Magazine article Work & Family Life

Right (and Wrong) Ways to Say 'I'm Sorry'

Magazine article Work & Family Life

Right (and Wrong) Ways to Say 'I'm Sorry'

Article excerpt

Q I was not told about a meeting I should have attended.When I pointed this out to our team leader, he said, "Oh, I'm sorry, but...," then went on to make me feel like I was being overly sensitive. There's gotta be a better was to apologize.

-E.D., Los Angeles

A So glad you asked. We learned a lot about how to say I'm sorry from the new book Why Won't You Apologize? Healing Big Betrayals and Everyday Hurts (Touchstone) by Harriet Lerner, PhD. Here are a few of her suggestions:

* DON'T ADD THE WORD "BUT" to an apology. Making excuses or trying to shift the blame undermines the sincerity of an apology.

* DON'T ASK TO BE FORGIVEN. The hurt party may not be ready for that, and it's not our place to tell anyone to forgive or not forgive.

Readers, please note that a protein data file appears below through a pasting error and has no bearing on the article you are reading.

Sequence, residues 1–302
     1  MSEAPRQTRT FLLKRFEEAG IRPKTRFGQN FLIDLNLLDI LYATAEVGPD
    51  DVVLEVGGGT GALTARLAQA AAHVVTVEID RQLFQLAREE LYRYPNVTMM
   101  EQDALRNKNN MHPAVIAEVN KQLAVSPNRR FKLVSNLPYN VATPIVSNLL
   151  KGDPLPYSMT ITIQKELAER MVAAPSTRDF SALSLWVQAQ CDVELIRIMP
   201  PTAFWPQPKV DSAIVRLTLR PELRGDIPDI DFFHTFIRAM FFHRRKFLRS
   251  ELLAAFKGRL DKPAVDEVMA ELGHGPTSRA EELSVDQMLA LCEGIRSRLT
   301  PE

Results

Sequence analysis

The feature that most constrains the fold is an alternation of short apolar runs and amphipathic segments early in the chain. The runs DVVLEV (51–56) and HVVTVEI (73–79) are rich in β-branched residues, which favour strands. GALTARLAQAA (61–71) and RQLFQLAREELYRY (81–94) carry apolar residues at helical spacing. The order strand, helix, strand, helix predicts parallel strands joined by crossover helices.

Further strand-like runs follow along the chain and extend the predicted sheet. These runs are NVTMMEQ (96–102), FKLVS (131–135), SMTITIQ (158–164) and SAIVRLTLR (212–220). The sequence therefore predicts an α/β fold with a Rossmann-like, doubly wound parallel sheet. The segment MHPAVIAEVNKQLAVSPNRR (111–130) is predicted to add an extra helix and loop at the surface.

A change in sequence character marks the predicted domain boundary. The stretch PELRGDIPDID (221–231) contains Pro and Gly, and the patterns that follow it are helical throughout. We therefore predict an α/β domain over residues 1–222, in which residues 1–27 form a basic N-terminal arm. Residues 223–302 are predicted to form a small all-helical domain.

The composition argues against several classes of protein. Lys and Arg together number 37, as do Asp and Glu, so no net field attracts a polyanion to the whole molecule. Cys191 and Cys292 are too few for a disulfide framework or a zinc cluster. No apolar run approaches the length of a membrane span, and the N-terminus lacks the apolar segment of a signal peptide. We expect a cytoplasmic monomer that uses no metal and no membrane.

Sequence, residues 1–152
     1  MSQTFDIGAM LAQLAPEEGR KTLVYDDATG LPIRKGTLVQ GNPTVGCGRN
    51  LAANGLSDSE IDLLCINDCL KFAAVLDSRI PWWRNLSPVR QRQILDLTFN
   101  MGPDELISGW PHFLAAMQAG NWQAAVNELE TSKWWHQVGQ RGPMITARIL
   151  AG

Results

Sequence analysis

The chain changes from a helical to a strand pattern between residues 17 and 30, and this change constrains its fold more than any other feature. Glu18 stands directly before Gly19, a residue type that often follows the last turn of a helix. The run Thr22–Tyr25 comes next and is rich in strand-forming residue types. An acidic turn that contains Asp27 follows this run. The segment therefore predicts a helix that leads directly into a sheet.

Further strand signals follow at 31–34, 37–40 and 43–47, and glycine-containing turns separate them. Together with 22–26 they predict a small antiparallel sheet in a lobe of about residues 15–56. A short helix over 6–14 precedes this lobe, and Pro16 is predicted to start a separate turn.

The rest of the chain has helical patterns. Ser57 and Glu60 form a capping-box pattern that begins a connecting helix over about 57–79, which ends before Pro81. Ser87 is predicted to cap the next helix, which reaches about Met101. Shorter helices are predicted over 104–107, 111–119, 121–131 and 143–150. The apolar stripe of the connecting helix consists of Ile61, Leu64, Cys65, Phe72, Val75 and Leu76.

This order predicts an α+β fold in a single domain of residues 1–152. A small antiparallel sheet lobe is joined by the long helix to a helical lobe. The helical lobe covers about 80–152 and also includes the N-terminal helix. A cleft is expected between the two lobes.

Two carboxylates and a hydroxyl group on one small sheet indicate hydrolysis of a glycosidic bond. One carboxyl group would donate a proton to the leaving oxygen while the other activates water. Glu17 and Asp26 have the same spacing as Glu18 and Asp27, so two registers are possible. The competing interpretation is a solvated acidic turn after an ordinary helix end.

* FOCUS YOUR APOLOGY on what you said or did, not on how someone reacted to it. If you say, "I'm sorry you feel that way" it suggests "I'm not really sorry at all."

* NONDEFENSIVE LISTENING to an injured party is central to offering a sincere apology. Don't argue, interrupt, refute or correct facts or bring up your own criticism and complaints. Even if the offended person was partly or largely at fault, you can still apologize for your role in the incident.

* YOUR APOLOGY MAY BE SINCERE, but the injured party still has a right to either accept of reject it. …

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